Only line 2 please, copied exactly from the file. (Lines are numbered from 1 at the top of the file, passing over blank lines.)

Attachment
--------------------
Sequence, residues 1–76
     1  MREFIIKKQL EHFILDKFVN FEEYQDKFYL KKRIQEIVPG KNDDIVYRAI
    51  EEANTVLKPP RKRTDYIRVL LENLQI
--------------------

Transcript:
     1  MREFIIKKQL EHFILDKFVN FEEYQDKFYL KKRIQEIVPG KNDDIVYRAI